* Press release from the ALPLM…
The Abraham Lincoln Presidential Library and Museum launched its celebration of Lincoln’s birthday by announcing two major acquisitions: an angry letter the future president wrote to a colleague and a painting that shows the young Lincoln reading while he takes a break from chopping wood.
* Explanation from the ALPLM…
Letter to Andrew McCormack
Andrew McCormack was one of the “Long Nine,” an alliance of Whig legislators from Sangamon County whose average height was 6 feet. The Long Nine were instrumental in moving the state capital to Springfield, and McCormack (whose family later changed the spelling of the name to “McCormick”) would go on to become mayor of Springfield in 1843.
The letter does not include a date. It most likely was written in January 1839, when the new General Assembly was convening after the election of the previous fall. It may have been hand-delivered during the House session to McCormack, who had been a captain of volunteers in the Black Hawk War.
The issue in dispute was the job of state printer. Abraham Lincoln wanted his friend and Whig ally Simeon Francis to get the post. He feared that McCormack was supporting Democrat William Walters, editor of the Illinois State Register newspaper.
* Lincoln’s letter…
I have just learned, with utter astonishment, that you have some notion of voting for Walters. This certainly can not be true. It can not be, that one so true, firm, and unwavering as you have ever been, can for a moment think of such a thing. What! Support that pet of all those who continually slander and abuse you, and labour, day and night, for your destruction. All our friends are ready to cut our throats about it. An angel from heaven could not make them believe, that we do not connive at it. For Heaven’s sake, for your friends sake, for the sake of the recollection of all the hard battles we have heretofore fought shoulder, to shoulder, do not forsake us this time. We have been told for two or three days that you were in danger; but we gave it the lie whenever we heard it. We were willing to bet our lives upon you. Stand by us this time, and nothing in our power to confer, shall ever be denied you. Surely! Surely! You do not doubt my friendship for you. If you do, what under Heaven can I do, to convince you. Surely you will not think those who have been your revilers, better friends than I. Read this & write what you will do.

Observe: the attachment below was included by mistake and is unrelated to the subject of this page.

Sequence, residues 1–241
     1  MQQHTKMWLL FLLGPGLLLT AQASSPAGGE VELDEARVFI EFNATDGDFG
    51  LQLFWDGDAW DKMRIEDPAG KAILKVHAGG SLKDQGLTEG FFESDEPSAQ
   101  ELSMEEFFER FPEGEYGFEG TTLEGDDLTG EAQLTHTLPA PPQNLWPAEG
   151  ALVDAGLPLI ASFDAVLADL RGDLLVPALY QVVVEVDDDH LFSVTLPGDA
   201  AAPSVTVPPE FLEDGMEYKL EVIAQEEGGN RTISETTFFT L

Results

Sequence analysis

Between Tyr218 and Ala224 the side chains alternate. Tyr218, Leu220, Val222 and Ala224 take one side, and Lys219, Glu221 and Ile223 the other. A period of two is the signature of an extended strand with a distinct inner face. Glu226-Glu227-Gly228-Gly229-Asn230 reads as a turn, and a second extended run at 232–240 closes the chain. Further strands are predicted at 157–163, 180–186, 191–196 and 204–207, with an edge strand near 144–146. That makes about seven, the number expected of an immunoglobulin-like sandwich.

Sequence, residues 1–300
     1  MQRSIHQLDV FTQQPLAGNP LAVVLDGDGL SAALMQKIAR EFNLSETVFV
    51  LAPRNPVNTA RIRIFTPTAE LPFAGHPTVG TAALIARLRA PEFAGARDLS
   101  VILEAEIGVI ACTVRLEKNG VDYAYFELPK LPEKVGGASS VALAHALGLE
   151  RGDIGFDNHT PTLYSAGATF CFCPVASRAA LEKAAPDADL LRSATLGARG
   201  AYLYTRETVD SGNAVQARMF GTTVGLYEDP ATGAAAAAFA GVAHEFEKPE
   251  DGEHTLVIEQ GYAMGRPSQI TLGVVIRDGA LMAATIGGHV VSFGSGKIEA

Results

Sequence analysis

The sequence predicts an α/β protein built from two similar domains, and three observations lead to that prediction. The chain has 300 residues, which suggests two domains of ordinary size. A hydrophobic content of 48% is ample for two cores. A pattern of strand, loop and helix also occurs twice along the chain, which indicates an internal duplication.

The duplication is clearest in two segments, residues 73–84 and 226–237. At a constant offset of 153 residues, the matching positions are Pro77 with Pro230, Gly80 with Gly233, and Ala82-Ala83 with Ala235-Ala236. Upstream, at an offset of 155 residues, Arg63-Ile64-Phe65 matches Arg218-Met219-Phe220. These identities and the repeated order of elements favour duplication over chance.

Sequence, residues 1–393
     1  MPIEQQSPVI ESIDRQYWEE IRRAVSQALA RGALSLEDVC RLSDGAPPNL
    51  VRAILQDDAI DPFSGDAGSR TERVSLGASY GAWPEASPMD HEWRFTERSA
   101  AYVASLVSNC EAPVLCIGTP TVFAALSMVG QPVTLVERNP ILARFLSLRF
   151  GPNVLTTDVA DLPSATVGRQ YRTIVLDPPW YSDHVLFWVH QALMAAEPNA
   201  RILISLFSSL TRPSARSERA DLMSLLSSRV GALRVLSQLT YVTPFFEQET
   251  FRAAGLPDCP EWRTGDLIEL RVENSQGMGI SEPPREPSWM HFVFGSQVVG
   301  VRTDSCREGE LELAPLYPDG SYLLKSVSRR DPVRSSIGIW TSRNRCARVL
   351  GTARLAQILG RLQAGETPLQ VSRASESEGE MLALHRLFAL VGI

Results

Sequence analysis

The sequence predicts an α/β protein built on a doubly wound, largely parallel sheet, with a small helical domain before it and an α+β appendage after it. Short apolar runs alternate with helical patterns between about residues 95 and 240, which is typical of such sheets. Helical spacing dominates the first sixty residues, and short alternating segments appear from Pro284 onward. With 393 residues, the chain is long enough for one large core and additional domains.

Man, that guy could write. That “pet of all those who continually slander and abuse you, and labour, day and night, for your destruction.” Hilarious.
* Also, here’s some background on Lincoln’s relationship with the Illinois State Register, which later merged with the Illinois State Journal…
By 1854, Illinois was home to more than 150 newspapers, including the Illinois State Journal and the Illinois State Register. Like most papers of the day, they were political organs, preaching the importance of allegiance to party ideas and leaders. Newspapers and their editors held a great deal of power, power to help an aspiring politician like Lincoln
As a member of the political community in Springfield, Lincoln was associated with city newspapers. Since the press was the primary means of communicating to the electorate the views of office holders and office seekers, it was important for Lincoln the politician to develop a working relationship with the Whig-Republican organ, the Illinois State Journal. The paper became an outlet for Lincoln’s opinions through letters to the editor, reports of his speeches, and editorials he wrote.
Lincoln’s association with the Journal was more than political; it was friendship too. Lincoln knew Simeon Francis, the editor, perhaps better than he knew anybody else in Springfield except his law partner, John T. Stuart, and his close friend Joshua Speed. The Journal supported Lincoln throughout his rise in politics. In 1864, Lincoln wrote: “The Journal paper was always my friend; and of course its editors the same.” […]
On February 11,1861, the day Lincoln left Springfield, the Journal stated its belief in the president-elect’s courage to do what was necessary to protect and defend the Constitution. The Register was not as optimistic. It expressed fear that Lincoln was now in a position to make true his declaration of 1858: “This Union cannot permanently endure part slave and part free.” The editor hoped “that he may prove less ambitious to be considered a prophet than a patriot.” […]
Throughout 1863 the Register continued to attack the president. The Register portrayed Lincoln as a “babbling township politician,” “Czar Abraham,” and “the obscuring lawyer of Springfield” who by political accident had become president. In its October 8,1863, editorial the Register directed itself to the president: “We have all the time been giving you ‘honest counsel,’ to which you have paid no attention. We have been unceasing in our efforts to point out your errors, as unceasingly have you persisted in them.”